Why Wall Street Loves Amazon Prime

NEW YORK (TheStreet) -- Though some consumers may not be happy about Amazon (AMZN) raising the cost of its Prime shipping service, Wall Street is loving it.

Pacific Crest Securities analyst Chad Bartley, who rates Amazon "outperform" with a $460 price target, believes that Prime is going to be a major initiative for the company in the years to come, given the value proposition of Prime, and what's to come in the future for the service. Bartley believes that Amazon reached 21.5 million Prime members at the end of 2013, which would represent 47% year-over-year growth. That estimate would be an acceleration from 2012, when Bartley believes Amazon saw Prime members rise 46%.

According to a survey conducted by Bartley, most Prime members have joined the service in the last two years. Some 30% of Prime members haved subscribed to the service for less than one year, 34% for 1 to 2 years, 21% for 2 to 3 years, and 15% for three or more years, he said. Amazon started the free, two-day shipping and digital content service in 2005, when Bartley estimates it had just 600,000 subscribers.

ChannelAdvisor recently estimated that Amazon has around 23 million Prime members, which could mean that Amazon could end the first-quarter with around 23.75 million subscribers.

It's not known exactly how many Prime members Amazon has, but Macquarie analyst Ben Schacter recently confirmed with Amazon that it had more than 20 million members.

Shares of Amazon were higher in Friday pre-market trading, gaining 0.8% to $374.50.

Amazon's Prime members are the company's most valuable, with most of them spending a good chunk of money, buying goods and services from the Seattle-based online retailer. "For example, 15% of members who have subscribed for less than one year reported spending more than $1,000 a year, compared to 82% of members that have subscribed for three or more years," Bartley wrote in his note.

Though an extra $20 a year for two-day shipping and an enormous amount of television shows and movies may not seem like much, especially when compared to Netflix's (NFLX) $7.99-a-month streaming service, Bartley believes there will be some churn in the service. This, he noted, will be in the "middle to high teens, which would make the price increase revenue accretive to Amazon. Churn of lower-spending members and higher Prime pricing should also help profit margins."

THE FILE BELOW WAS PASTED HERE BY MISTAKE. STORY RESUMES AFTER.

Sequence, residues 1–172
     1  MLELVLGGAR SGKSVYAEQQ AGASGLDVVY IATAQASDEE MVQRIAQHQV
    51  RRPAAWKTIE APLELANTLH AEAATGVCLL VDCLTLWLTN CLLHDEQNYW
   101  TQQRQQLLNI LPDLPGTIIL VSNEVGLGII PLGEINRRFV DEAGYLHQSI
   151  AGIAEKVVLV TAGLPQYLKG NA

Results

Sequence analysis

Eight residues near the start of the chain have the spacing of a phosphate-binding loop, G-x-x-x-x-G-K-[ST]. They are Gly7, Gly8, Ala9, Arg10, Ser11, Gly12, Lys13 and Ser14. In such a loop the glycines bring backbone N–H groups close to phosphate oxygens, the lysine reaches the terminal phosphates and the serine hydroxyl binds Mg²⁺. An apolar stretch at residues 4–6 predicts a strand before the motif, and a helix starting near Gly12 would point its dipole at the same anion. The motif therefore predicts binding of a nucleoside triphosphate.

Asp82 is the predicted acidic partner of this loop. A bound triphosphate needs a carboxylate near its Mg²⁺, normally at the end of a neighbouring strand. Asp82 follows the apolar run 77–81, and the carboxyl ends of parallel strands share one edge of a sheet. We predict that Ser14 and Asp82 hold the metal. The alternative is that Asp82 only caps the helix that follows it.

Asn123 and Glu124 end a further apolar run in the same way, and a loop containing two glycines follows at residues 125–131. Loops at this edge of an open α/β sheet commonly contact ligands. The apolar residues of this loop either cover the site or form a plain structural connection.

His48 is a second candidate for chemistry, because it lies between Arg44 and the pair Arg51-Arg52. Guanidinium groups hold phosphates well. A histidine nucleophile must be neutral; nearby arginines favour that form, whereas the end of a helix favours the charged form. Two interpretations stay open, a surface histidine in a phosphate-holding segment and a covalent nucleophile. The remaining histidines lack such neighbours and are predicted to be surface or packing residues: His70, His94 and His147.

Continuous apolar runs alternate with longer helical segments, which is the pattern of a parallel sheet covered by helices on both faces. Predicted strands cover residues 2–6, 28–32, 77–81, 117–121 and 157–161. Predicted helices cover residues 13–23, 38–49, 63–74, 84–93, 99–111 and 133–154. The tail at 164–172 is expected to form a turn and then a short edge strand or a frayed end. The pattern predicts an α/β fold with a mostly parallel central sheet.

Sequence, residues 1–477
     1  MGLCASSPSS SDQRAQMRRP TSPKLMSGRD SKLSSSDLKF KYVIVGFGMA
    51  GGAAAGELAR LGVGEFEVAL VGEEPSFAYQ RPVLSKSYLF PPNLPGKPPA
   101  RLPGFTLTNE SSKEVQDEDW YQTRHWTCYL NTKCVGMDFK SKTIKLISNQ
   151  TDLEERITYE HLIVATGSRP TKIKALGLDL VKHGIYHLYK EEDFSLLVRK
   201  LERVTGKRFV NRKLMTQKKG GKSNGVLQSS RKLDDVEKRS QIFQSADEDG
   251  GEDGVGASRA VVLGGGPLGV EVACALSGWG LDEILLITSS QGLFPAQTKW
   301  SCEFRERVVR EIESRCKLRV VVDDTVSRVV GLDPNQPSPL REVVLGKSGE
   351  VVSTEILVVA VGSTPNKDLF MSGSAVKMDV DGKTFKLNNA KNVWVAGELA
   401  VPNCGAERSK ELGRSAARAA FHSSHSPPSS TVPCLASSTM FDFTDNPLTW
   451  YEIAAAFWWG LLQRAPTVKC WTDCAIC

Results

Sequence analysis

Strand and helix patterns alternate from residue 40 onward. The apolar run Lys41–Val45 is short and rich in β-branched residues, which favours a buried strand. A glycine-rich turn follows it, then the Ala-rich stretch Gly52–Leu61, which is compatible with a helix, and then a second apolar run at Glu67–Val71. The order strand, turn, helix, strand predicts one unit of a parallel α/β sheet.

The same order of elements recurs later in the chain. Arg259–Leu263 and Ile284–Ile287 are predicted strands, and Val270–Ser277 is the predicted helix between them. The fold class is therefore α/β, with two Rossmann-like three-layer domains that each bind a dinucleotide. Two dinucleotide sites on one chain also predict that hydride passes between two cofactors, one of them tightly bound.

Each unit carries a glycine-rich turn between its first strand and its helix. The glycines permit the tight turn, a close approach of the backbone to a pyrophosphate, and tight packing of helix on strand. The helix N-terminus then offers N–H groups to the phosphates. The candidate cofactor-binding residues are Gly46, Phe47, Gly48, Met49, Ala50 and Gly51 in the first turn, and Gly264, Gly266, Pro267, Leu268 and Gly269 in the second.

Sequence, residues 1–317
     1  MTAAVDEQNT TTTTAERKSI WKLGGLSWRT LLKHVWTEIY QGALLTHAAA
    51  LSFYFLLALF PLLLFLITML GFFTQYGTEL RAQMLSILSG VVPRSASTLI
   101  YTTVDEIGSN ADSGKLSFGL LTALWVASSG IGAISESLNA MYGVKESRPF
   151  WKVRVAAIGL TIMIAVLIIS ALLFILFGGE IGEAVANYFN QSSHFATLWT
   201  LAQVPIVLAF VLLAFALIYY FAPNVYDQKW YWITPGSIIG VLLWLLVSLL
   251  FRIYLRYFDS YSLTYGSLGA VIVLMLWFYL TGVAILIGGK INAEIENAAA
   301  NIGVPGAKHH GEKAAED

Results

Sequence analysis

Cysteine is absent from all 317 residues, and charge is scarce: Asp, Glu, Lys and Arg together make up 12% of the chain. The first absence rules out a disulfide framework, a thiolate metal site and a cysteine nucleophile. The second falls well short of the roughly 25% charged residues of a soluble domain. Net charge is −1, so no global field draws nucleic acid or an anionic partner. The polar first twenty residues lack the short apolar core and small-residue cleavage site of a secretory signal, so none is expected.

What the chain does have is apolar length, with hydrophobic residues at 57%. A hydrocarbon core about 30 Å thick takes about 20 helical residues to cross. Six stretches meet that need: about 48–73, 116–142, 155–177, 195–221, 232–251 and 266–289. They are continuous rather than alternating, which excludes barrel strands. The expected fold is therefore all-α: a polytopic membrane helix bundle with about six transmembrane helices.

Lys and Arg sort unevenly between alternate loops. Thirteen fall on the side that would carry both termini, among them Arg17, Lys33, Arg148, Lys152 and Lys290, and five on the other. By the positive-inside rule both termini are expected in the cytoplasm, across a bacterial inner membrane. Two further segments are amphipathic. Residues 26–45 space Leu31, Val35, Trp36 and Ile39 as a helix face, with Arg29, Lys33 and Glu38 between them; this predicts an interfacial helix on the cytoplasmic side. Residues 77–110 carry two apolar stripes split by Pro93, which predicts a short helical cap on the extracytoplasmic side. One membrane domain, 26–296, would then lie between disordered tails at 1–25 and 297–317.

In comparison, Netflix has over 33 million streaming subscribers, but does not offer any benefits to customers outside of content, whereas Amazon Prime offers two-day shipping for goods.

The longer a customer is a member of Prime, the more they spend on Amazon, as the retailer tries to move into seemingly every bit of online commerce, according to Bartley's survey. "This makes sense, as consumers want to derive as much value as possible from their annual fee and spend across more categories with Amazon."

Though it's not yet known how many members will leave the service due to the price hike, it's likely going to be revenue accretive to Amazon, and give a boost to the company's already paltry gross margins. If around half of the 38% of those who said they would quit, (a churn rate of middle to high teens), it could boost Amazon's revenues by $27 million. However, if all 38% of those members drop the service, Amazon could wind up losing as much as $405 million in sales.

TheStreet recently did a survey on the price increase, when Amazon first announced it was first considering raising the price of the service. Of the more than 1,000 people surveyed between Jan. 31, 2014 and Feb. 2, 2014, 70.1% of respondents said "no" when asked if they thought the service was worth having at a higher price, regardless of whether they are currently use it or not. Just 13% of the sampling subscribed to Prime.

Amazon has hinted in the past that it's planning "a lot of new stuff for Prime members over the next several years." Part of that could be the company's heavily-rumored music streaming service. While the service would put Amazon in competition with Pandora or Apple's (AAPL) iTunes Radio, it would be slightly different, capping how much users can use the service.

--Written by Chris Ciaccia in New York

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